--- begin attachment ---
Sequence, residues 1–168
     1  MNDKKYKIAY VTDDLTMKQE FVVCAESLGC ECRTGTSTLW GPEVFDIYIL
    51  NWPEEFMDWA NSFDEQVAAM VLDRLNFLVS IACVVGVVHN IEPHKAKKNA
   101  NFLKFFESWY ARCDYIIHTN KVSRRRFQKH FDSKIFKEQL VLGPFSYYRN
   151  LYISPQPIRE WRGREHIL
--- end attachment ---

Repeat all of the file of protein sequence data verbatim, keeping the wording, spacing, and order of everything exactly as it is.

Sequence, residues 1–168
     1  MNDKKYKIAY VTDDLTMKQE FVVCAESLGC ECRTGTSTLW GPEVFDIYIL
    51  NWPEEFMDWA NSFDEQVAAM VLDRLNFLVS IACVVGVVHN IEPHKAKKNA
   101  NFLKFFESWY ARCDYIIHTN KVSRRRFQKH FDSKIFKEQL VLGPFSYYRN
   151  LYISPQPIRE WRGREHIL